• Free curriculum guide with purchase of 20 copies or more
    • Online primary source library to support student inquiry projects
    • Click HERE

Available to the public, too! Click HERE to buy a print copy

CONTENTS

Message to Teachers                                                          

Part I: Meet Venture
Chapter 1: Introduction
Chapter 2:  I was Born at Dukandarra
Chapter 3:  War Comes to My Home
Chapter 4:  Far From Home

Part II: Venture in Colonial America
Chapter 5: Venture Comes of Age
Chapter 6: Venture Gets Married & Runs Away
Chapter 7: A New Owner
Chapter 8: Venture’s Third Master Rents Him Out
Chapter 9: Venture Buys His Freedom
Chapter 10: Free at Last
Chapter 11: Venture Purchases Meg’s Freedom
Chapter 12: 100 Acres in Connecticut
Chapter 13: Calling Out Cheats and Counting Blessings
Chapter 14: Historians Fill in the Blanks

Part III: Colonial Connecticut
Chapter 15: Connecticut’s Beginnings
Chapter 16: Building a Puritan Colony
Chapter 17: Growing Pains
Chapter 18: The Colonial Economy

PART IV: Slavery in Colonial Connecticut  
Chapter 19: Slavery in Colonial Connecticut
Chapter 20: Laws About Slavery
Chapter 21: Slavery and the American Revolution
Chapter 22: The End of Slavery in Connecticut
Chapter 23: Why Venture’s Story is Important
Glossary
Sources

Contact us

Professional development: We'll come to your school to familiarize teachers with the resource and strategies for teaching difficult history. A fee is charged.

Museum Stores and Book Stores: Contact us for wholesale newsstand orders at publisher@ctexplored.org or call 860-233-5421

Direct questions or comments to publisher@ctexplored.org or call 860-233-5421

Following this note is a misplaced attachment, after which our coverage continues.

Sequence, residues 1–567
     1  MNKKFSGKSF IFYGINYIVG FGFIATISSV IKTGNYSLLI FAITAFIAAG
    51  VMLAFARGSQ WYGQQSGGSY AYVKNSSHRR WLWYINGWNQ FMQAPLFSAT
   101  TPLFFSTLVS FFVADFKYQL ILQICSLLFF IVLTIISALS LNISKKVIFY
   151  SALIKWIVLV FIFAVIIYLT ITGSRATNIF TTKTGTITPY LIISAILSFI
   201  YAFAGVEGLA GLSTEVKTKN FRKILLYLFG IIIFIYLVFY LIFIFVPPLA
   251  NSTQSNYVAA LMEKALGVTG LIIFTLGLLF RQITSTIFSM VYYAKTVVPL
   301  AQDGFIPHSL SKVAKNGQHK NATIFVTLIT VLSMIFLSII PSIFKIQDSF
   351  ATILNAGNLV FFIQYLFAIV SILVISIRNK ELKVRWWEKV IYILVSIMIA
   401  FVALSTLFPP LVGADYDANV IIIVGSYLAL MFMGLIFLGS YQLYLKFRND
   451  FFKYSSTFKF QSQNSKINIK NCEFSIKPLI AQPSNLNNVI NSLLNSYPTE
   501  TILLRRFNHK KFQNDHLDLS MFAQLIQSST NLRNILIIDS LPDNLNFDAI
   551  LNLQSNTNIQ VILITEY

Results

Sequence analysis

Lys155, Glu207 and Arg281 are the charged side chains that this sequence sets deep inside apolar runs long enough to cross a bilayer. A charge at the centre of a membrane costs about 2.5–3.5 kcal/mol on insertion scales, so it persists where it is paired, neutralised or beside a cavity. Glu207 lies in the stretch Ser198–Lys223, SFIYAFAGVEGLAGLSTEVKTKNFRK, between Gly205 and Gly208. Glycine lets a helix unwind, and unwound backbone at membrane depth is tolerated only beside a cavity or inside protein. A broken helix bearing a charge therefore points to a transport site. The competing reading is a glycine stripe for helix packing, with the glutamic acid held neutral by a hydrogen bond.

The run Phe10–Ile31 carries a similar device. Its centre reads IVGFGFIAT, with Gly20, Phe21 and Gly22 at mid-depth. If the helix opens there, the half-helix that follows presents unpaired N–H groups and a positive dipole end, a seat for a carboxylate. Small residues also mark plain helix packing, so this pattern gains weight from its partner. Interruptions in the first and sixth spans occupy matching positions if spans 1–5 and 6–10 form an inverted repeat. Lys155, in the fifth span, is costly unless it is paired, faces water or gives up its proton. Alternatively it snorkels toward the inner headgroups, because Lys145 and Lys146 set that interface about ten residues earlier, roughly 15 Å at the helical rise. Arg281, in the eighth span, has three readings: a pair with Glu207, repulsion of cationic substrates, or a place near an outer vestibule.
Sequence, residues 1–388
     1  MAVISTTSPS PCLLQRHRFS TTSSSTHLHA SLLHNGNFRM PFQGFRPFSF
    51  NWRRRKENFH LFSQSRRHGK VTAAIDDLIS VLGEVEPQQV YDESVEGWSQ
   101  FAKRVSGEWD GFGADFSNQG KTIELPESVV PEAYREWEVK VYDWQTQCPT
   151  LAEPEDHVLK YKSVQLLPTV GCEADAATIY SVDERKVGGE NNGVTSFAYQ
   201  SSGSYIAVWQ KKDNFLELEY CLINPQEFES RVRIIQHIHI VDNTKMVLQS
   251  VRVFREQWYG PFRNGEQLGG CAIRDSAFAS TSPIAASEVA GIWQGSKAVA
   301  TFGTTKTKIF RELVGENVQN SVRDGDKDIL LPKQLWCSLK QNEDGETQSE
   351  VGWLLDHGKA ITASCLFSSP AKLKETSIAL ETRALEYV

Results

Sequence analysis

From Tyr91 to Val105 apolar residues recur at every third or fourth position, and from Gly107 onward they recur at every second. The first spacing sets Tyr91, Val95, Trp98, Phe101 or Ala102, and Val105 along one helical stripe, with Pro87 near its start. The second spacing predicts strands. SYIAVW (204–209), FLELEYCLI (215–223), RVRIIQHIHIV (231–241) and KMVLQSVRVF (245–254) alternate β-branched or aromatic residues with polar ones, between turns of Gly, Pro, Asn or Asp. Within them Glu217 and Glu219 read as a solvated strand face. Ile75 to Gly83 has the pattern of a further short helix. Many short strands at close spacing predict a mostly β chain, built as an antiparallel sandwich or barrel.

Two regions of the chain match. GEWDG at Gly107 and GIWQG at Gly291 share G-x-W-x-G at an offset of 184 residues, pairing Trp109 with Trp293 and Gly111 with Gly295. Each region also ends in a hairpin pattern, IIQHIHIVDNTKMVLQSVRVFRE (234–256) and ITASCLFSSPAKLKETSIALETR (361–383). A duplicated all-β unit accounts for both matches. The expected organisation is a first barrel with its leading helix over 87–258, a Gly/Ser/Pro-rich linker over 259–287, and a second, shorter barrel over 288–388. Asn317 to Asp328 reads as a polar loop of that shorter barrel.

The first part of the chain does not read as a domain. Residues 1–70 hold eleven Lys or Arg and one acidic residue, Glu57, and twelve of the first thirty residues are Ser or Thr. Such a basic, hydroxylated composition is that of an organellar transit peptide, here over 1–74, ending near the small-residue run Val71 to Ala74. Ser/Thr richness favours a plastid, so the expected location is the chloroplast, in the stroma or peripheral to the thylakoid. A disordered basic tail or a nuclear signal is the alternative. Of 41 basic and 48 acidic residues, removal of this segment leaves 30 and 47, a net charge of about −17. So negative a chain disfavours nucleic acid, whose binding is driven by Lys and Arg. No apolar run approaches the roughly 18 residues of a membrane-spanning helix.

About the Publisher

Venture Smith's Colonial Connecticut is published by Connecticut Explored Inc. and written by Elizabeth J. Normen, publisher of Connecticut Explored, Inc., a nonprofit organization founded in 2012. Normen was named the Bruce Fraser Friend of the Social Studies in 2017 by the Connecticut Council for the Social Studies for Where I Live: Connecticut, the social studies resource for third/fourth grade. Connecticut Explored Inc. publishes:

Connecticut Exploreda quarterly magazine for a public history audience. Find free articles from past issues on ctexplored.org. For more information about Connecticut Explored, and to subscribe at the educator's discount, visit ctexplored.org/teach.

Grating the Nutmeg, the podcast of Connecticut history produced in collaboration with the state historian. Listen to the free podcasts at Gratingthenutmeg.libsyn.com.

Where I Live: Connecticut, the social studies resource for third/fourth grade. Where I Live: Connecticut launched in fall 2017 and has been adopted by more than 75 school districts in Connecticut. Free access to the 80-page e-book and more than 80 pages of additional content written at grade level is available at whereilivect.org. Print copies are available for $8 each or $136 for a class pack of 25 copies at https://whereilivect.org/shop/.